- Trying to square the circle
The opening days of the Synod on the Family have revealed distinct differences of opinion between the participants. How can their commitment to church teaching be matched with compassion for those who struggle with it?
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Marseille Archbishop Georges Pontier, president of the French bishops’ conference, urged his fellow bishops to avoid being “manipulated by social movements” when he opened their spring plenary meeting.
The meeting in Lourdes just before Holy Week was overshadowed by different views about how to deal with a growing polarisation that emerged with last year’s anti-gay marriage protests, with some bishops actively supporting the protests but many others keeping a discreet distance. Some organisers of that lay-led movement have since become active in conservative and far-right politics.
Differences flared again last month when the bishops’ conference’s Family and Society Council withdrew a conference invitation to a feminist philosopher after a traditionalist blog collected about 1,100 signatures on a petition denouncing her as a proponent of gender theory, that is incompatible with Catholic doctrine. That led to an internal debate about whether the council should have caved in to what the Catholic daily La Croix called “a minority, promoted to be thought police”.
There was no official statement on the closed-door discussions but bishops’ conference spokesman Fr Bernard Podevin told Le Figaro the Lourdes debate was “a moment of truth” marked by “fraternity” but also “methodological disagreement”.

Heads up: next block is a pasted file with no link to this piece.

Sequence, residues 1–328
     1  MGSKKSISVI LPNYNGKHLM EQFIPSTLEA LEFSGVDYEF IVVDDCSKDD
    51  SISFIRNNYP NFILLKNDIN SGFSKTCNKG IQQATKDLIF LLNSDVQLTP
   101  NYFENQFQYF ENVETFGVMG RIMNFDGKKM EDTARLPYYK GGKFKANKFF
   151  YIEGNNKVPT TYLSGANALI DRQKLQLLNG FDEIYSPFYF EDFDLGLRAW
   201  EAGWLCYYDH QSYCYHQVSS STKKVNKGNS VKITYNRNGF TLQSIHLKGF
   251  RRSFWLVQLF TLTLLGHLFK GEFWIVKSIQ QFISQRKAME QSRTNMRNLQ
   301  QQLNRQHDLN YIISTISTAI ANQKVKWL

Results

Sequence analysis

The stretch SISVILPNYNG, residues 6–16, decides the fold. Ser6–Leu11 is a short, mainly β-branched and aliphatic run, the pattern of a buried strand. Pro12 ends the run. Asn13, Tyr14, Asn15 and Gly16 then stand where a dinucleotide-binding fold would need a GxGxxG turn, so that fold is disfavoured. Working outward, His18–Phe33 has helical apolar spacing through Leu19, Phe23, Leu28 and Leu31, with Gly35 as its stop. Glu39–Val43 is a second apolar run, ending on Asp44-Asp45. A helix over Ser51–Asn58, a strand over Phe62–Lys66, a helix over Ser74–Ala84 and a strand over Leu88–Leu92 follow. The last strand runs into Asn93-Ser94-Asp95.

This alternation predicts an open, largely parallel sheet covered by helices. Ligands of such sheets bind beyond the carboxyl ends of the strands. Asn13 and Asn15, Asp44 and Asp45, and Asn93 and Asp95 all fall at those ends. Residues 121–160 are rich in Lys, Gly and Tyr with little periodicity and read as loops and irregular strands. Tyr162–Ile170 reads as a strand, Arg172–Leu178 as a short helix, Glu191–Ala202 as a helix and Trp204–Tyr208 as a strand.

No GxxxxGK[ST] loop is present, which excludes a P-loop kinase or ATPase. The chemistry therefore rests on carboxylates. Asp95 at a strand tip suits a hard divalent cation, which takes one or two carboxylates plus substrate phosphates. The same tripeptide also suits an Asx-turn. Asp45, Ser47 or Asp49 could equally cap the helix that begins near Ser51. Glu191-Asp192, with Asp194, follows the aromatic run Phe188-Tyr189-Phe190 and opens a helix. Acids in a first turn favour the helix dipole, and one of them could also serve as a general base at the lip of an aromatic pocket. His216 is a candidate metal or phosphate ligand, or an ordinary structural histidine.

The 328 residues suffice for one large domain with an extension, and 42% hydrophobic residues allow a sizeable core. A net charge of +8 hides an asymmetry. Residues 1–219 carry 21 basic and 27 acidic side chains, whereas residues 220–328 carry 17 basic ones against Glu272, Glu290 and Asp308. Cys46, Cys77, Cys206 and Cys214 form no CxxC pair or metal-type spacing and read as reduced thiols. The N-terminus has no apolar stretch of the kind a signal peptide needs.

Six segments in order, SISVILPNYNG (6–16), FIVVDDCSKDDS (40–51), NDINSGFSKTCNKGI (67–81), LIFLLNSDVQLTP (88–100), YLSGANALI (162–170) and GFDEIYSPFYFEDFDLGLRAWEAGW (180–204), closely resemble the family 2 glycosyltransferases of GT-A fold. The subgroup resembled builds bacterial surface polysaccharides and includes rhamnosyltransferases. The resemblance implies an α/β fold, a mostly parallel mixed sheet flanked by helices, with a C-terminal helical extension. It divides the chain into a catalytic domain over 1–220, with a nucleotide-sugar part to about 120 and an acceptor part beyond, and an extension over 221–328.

In his opening address, Archbishop Pontier diplomatically referred to the polarisation by urging “discernment” and stressing the Church’s message concerned both the life issues like abortion, family and euthanasia and social issues such as justice, sharing and support for immigrants. “The future can neither be in the promotion of eugenic behaviour nor in the perpetuation of an economic system that excludes too many members of our societies,” he said.
The archbishop also touched on the growing role of what French media call the “Cathosphere”, the social media that mobilised pro-family protests last year and are increasingly used by militant conservative Catholics. “Modern means of communication, the development of social networks sometimes marked by violence, irresponsibility and a refusal to dialogue have all profoundly modified individual and collective behaviours,” he said.
“We bishops are sometimes asked or even required to approve all sorts of initiatives. The risk of manipulating or being manipulated calls for discernment and discussion,” Archbishop Pontier said.
The latest incident highlighting differing views among Catholic officials was a visit to Moscow by a delegation of figures close to the anti-gay marriage movement, including Bayonne Bishop Marc Aillet, to discuss measures to protect the traditional family with leaders of the Russian Orthodox Church. They met Metropolitan Hilarion, head of external relations for the Russian Church, Russian parliamentarians and the Moscow Patriarchate’s commission on the family.